Tuesday, September 15, 2009

SRL – Darkness At Noon by Arthur Koestler

Out of curiosity to see what I would think, a reviewer of a previous SRL post suggested I read this, which I had never heard of...

Very occasionally we read a book that seems so in tune with our disparate thoughts it manages to draw them together and a truth dawns as if quietly whispered. These kind of books are rare. In this lifetime it has been Sartre's Nausea for its realisation of the real world, Nabokov's Lolita for a joyous depiction of the despicable. And now Koestler's Darkness at Noon for its gloriously twisted nation state and the noble Comrade Rubashov, forever pacing his cell and ever towards a realisation of humanity.

As Nicolas Salmanovitch Rubashov paces his prison cell he reminisces. Of his part in sweeping his revolutionary party to power in a nameless country. Of his life as a prominent force within that totalitarian government, working tirelessly and at times ruthlessly in spreading their ideals to other countries. And how over time he became disillusioned with the ideals now twisted out of shape by the evolving needs of the party and its leader: No.1. Which ultimately leads Rubashov to be arrested by the state he helped put into power and tried for revolutionary crimes.

Through the interrogators attempts to make Rubashov confess a crime he is not aware of committing and the relationships he builds with fellow inmates, he recalls the lives he touched and faces the reality of the decisions he has made. How they impacted people and of the countless that died as a result. Coming to a realisation about the meaning of humanity and the value of life.

Although Koestler does not explicitly state, this book is an analysis of the Soviet Union under Stalin in the twenty years following the Revolution in 1917. The absolute brilliance though is its context to any point in time. The problems faced by Rubashov's totalitarian party and its No.1 are the mechanisms of social control and commerce, problems faced by any government. How they dealt with them and the decisions they made may seem absurd, but I lost count the number times this story echoed with news of the day.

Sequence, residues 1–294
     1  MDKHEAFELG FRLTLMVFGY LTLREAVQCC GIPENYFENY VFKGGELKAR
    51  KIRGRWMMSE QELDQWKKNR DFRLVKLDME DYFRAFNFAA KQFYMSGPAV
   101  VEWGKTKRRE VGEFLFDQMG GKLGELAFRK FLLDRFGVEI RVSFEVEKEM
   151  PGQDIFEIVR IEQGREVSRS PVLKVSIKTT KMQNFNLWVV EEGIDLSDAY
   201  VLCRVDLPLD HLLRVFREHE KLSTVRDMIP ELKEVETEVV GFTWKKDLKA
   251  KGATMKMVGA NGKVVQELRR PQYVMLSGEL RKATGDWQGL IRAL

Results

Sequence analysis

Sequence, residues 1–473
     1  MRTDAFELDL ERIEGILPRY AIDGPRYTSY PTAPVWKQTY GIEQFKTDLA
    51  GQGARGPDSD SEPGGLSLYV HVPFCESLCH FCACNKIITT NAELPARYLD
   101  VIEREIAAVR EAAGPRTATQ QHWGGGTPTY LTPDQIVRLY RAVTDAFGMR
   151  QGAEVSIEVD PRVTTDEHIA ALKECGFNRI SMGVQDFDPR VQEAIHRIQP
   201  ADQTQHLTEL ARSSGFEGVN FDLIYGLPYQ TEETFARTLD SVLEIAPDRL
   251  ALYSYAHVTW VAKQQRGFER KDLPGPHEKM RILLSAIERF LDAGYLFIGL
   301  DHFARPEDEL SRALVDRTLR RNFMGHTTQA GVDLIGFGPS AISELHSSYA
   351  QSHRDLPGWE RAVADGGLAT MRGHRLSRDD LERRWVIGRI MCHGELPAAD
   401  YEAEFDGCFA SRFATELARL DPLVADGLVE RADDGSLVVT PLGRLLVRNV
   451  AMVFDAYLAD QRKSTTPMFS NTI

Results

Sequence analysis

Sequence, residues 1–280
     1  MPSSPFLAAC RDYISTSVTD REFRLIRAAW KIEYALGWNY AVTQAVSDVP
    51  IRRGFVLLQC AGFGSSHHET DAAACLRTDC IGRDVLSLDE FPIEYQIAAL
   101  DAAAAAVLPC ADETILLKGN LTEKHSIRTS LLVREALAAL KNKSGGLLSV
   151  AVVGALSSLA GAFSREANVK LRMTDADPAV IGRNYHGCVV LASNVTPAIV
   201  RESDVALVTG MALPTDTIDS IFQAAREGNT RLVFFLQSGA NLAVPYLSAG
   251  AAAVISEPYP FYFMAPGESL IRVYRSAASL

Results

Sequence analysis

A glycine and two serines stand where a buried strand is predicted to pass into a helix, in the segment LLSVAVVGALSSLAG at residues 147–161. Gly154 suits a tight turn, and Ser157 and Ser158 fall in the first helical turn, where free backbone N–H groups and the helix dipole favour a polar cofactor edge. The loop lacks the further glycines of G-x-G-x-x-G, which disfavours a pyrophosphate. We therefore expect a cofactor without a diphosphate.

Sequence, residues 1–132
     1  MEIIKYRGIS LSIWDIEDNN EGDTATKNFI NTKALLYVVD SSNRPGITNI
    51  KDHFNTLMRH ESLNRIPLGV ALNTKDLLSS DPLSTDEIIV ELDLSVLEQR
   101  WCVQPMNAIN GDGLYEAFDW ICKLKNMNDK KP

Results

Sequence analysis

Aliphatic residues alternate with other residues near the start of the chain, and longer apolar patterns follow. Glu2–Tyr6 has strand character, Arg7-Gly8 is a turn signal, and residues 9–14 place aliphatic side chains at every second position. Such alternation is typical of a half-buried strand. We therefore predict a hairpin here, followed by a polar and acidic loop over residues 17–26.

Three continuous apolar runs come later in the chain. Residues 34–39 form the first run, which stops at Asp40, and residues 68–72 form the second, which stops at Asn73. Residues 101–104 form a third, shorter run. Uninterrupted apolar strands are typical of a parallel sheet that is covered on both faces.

To consider this book as political or just about Communism then, is to miss it's point. It is about man's attempts to manage mankind. About pure ideals that turn to poison and shape generations of minds. A book that might even be lost on the young because you almost need to have seen the world and mankind for its ills before someone like Koestler can pull each together to form a singular realisation.

For all its brilliance though it is a hard book to get to grips with initially. It almost expects you to come knowing what it is about, I had no idea. The writing style is also very much of the time, so there are plenty of paragraphs that cover more than a page and long sentences. Which can make for hard reading for the modern reading mind.

Darkness At Noon is a timeless book that is very well worth your time, a book that will allow you to see the world and the mechanism of mankind with new eyes and an additional level with which to filter all that happens around you. Written in German during the 1930's it is widely credited with slowing Communism's spread after WWII and heavily influencing writers such as George Orwell. I cannot recommend it highly enough.